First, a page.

Ah, St. Patrick’s Day, where everyone is Irish for a day. March seems to be full of days like that, since Fat Tuesday is the day where everyone is Catholic for a day.
Since we know many of you will be getting a full-fledged drink on this St. Paddy’s Day, especially since it is also the first day of the NCAA tournament, we have provided a small list of songs about drinking, the effects of drinking, and the vow that many of you will make the following morning. Think of it as the bender that you never took; we love booze as much as the next guys, but sometimes those things are better lived vicariously.
“It’s Time to Party,” Andrew W.K.
With a whopping three songs about partying on his debut album, Andrew W.K. will forever remain our master of ceremonies when it comes to partying. Until we saw the grammar-challenged lyric video, though, we didn’t know this song made a reference to a money shot. Yikes.
“Have a Drink on Me,” AC/DC
The night is young. Everyone is flush with cash and feeling generous. Try and remember this moment when 1:30 rolls around and you’re buying Natural Light pounders. For now, though, you’re living on the top shelf.
A few weeks ago, there was a leak that Muse, the Foo Fighters and Eminem would headline Lollapalooza this year. In previous years, when band names have been leaked well before the official announcement, they’ve been accurate, so let’s assume that those are your headliners. Pretty cool and eclectic group, if you ask us. We’ve seen some dyed-in-the-wool alt rockers scoff at the idea of Marshall Mathers playing Lolla, but why the hell not? Snoop Dogg did it two years ago, and no one complained about that.
The festival’s organizers are a good month away from unveiling their lineup, so while we’re in the lull between the leak and the formal announcement, we decided to have a little fun. Here are some bands that we’d love to see take the stage in Grant Park this summer.
Don’t laugh – this makes more sense than the decision to invite Metallica in 1996. They rock harder and faster than anyone alive today, and courtesy of their appearance on “The Young Ones,” they were instantly grandfathered as alt rock forefathers (Ministry’s Psalm 69, anyone?). Still think it’s a long shot? Consider this: Head Foo Fighter Dave Grohl loves Lemmy and has recorded with him, plus the band just released a new record (The World Is Yours), which means a tour is sure to follow. Come on, Perry. You know this would be awesome. Lemmy shows up, drinks all the other bands under the table, and wipes the floor with them onstage. That’s the way we like it, baby.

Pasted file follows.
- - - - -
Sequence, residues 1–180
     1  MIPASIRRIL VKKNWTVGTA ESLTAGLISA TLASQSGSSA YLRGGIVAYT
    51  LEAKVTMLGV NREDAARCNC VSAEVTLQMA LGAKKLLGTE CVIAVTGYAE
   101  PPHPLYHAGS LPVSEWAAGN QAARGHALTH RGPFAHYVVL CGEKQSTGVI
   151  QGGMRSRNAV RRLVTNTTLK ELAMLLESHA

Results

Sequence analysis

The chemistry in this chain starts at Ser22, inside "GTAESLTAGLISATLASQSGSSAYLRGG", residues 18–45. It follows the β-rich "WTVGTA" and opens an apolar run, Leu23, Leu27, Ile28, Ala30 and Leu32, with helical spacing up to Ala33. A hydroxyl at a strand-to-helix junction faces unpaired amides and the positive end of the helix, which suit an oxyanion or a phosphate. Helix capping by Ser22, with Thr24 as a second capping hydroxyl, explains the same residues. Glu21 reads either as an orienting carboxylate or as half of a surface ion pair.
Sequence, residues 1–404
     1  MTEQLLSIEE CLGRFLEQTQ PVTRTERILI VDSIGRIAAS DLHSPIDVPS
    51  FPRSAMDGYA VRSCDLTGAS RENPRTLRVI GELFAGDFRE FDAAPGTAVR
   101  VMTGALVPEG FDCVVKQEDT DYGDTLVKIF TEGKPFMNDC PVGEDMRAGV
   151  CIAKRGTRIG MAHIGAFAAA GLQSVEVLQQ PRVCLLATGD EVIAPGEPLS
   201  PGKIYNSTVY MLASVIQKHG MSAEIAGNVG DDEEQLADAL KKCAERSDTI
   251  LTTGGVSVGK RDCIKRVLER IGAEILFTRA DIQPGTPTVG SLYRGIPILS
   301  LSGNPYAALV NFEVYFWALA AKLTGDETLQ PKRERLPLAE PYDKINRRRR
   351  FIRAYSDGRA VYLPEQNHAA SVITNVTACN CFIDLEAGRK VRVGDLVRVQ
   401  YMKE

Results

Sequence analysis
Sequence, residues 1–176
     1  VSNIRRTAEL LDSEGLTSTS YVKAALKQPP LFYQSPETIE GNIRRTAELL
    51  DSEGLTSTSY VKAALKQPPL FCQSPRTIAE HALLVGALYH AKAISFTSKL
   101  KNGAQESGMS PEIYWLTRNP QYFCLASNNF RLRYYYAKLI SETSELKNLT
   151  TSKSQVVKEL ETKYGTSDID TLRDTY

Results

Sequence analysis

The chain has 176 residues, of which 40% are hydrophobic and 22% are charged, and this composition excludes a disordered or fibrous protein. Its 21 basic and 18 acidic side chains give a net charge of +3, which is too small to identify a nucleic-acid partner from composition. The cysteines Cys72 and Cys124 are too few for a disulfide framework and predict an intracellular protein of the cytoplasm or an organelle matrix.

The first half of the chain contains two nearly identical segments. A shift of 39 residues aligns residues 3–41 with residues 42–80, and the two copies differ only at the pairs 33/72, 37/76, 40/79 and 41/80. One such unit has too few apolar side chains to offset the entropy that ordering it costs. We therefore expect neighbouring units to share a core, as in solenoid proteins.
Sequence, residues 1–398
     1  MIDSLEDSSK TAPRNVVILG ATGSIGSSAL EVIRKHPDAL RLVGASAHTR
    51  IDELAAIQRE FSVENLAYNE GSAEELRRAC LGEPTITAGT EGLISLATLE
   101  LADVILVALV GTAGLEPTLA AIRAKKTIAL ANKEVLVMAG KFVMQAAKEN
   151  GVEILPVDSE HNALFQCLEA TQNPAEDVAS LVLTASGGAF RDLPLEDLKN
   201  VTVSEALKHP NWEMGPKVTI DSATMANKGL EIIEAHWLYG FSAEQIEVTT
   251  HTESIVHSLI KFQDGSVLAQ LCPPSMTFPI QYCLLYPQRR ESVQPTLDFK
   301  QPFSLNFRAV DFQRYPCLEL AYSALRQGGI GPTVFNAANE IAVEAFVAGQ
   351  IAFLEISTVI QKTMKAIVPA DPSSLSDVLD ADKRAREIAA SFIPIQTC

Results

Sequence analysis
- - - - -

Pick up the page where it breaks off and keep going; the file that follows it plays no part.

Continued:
Of the big UK bands of the last five years, only Franz Ferdinand and Coldplay have yet to play Lolla, and we’re not sure why. It looked as though the stars were aligned for them to play when the band released Tonight, Franz Ferdinand in 2009, but for whatever reason, it never happened. Considering the heavy nature of the three headliners, both musically and lyrically, the festival could use a party band. The only catch is that the band is not working on a new record, and therefore will not likely be on tour this year. Pity.
The World Is Yours sounds like MotĂ¶rhead’s previous album MotĂ¶rizer, which is to say it sounds like Kiss Of Death, Inferno, Hammered, We Are MotĂ¶rhead, and most of the other 20-plus albums in MotĂ¶rhead’s discography. Lemmy growls and scowls, while guitarist Phil Campbell and drummer Mikkey Dee support him by playing as loud and as fast as they can. Its a formula that worked in 1977 (albeit with a different lineup) and it still works today. About the only discernible difference between this record and MotĂ¶rizer is that Lemmy doesn’t bother with anything close to a ballad this time around. Instead we get non-stop speed metal songs about killing (“Outlaw”), screwing (“Waiting for the Snake”) and just being the all around badass that the 65-year old bass player from hell is (“Devils in My Hand”). The closest thing to sonic experimentation on The World Is Yours is â€śBrotherhood of Man,â€ť which loops what sounds like a distant soccer chant as the chorus, while Lemmy somehow makes his voice even more menacing by lowering it a couple registers.
Sure, its nothing new. But at this point does it even matter? This is Motorhead sounding like Motorhead, and that’s good enough for us. (MotĂ¶rhead Music 2011)
Pendulum have the most apt band name in history, because they love to swing back and forth between two genres; drum and bass and hard rock. Their 2006 debut Hold Your Colour was almost exclusively drum and bass, but their 2008 follow-up In Silico saw the group abandon almost all of the drum and bass influences in exchange for a hard electronic rock style (think Nitzer Ebb meets metal) that put off much of their core fanbase. It also made them mainstream stars throughout much of their native Australia as well as Europe, leading bassheads around the world to cry “sellout.”